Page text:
Up close and intimate with the APCI model

(Feb 12, 2019)

This blog brings together two pieces of work.  The first is the paper we presented to the Institute and Faculty of Actuaries, "A stochastic implementation of the APCI model for mortality projections", which will appear in the British Actuarial Journal.  The second is a previous blog where I examined the role of constraints in models of mortality.  The present blog combines the two and looks at the application of constraints to the CMI's APCI model.  I showed the results to a fellow statistician who expressed astonishment and even used the word "unbelievable"'.  So buckle up, and prepare to be astonished!

We use data on UK males from the UK's Office for National Statistics.  We have the number of deaths, $$d_{x,y}$$,…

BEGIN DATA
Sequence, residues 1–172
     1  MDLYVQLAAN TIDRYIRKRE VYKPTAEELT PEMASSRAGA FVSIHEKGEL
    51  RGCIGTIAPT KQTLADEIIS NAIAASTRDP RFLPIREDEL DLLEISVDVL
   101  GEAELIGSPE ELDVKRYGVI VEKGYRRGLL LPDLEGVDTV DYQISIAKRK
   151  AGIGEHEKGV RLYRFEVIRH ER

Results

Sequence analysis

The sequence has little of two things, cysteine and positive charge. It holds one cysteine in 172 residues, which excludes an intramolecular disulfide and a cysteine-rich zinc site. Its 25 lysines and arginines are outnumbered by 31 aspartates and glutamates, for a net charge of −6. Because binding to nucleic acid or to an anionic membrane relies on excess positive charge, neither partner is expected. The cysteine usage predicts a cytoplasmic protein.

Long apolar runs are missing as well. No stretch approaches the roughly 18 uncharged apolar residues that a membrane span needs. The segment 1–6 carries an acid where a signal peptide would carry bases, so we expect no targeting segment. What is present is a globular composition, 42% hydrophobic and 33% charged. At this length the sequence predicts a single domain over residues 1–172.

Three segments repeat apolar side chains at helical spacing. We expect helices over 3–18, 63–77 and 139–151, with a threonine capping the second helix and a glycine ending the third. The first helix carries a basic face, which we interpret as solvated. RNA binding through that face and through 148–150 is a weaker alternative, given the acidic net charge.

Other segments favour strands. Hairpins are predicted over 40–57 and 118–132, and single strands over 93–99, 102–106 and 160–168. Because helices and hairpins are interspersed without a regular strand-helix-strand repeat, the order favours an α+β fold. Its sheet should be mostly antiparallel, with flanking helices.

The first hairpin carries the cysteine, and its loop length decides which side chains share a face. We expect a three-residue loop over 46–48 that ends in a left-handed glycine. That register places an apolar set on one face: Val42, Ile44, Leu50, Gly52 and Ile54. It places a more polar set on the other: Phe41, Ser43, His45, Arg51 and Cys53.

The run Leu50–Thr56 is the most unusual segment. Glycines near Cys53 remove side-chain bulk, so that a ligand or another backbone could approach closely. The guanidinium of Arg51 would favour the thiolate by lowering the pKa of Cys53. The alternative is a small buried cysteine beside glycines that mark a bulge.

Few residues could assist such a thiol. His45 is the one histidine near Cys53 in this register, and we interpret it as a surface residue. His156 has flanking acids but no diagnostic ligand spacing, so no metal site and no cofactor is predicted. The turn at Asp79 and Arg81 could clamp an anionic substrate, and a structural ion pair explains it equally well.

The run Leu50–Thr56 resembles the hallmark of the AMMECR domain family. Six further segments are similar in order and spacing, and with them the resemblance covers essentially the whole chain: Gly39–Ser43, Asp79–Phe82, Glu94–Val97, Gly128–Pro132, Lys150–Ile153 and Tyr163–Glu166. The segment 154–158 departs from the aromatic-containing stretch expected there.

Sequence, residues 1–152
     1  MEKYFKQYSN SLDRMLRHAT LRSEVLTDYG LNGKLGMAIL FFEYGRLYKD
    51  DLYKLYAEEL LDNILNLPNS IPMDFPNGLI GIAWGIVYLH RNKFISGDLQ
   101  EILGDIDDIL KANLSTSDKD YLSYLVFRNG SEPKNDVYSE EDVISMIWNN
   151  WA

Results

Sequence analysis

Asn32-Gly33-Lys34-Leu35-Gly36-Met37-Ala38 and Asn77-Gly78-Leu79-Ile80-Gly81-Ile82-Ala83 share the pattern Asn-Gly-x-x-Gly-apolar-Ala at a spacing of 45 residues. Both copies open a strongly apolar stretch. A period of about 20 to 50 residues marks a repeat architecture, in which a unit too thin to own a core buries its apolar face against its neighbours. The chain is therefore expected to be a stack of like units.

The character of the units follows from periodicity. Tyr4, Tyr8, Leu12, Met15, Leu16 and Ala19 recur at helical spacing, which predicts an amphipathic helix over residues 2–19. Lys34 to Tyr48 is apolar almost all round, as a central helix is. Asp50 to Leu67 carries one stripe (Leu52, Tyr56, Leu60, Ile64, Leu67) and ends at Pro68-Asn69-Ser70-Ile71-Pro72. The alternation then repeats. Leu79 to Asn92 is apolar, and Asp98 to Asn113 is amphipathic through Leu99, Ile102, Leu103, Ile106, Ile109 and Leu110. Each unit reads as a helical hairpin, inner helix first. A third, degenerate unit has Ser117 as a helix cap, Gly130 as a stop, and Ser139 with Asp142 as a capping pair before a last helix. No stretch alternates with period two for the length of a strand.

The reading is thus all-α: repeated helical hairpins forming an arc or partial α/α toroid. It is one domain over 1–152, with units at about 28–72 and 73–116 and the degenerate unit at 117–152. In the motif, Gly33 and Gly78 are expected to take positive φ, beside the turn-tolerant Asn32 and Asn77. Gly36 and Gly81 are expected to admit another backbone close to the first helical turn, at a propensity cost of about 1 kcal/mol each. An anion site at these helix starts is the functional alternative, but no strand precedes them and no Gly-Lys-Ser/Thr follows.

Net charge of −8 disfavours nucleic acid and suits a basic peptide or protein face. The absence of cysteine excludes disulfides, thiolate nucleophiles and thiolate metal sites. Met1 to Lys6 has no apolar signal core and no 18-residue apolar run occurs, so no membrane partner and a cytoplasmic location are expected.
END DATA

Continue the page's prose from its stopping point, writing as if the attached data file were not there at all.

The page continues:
Working with constraints

(Feb 9, 2016)

Regular readers of this blog will be aware of the importance of stochastic mortality models in insurance work.  Of these models, the best-known is that from Lee & Carter (1992):

$\log \mu_{x,y} = \alpha_x + \beta_x\kappa_y\qquad(1)$

where $$\mu_{x,y}$$ is the force of mortality at age $$x$$ in year $$y$$ and $$\alpha_x$$, $$\beta_x$$ and $$\kappa_y$$ are parameters to be estimated.  Lee & Carter used singular value decomposition (SVD) to estimate their parameters, but the modern approach is to use the method of maximum likelihood - by making an explicit distributional assumption for the number of deaths, the fitting process can make proper allowance for the amount of information available…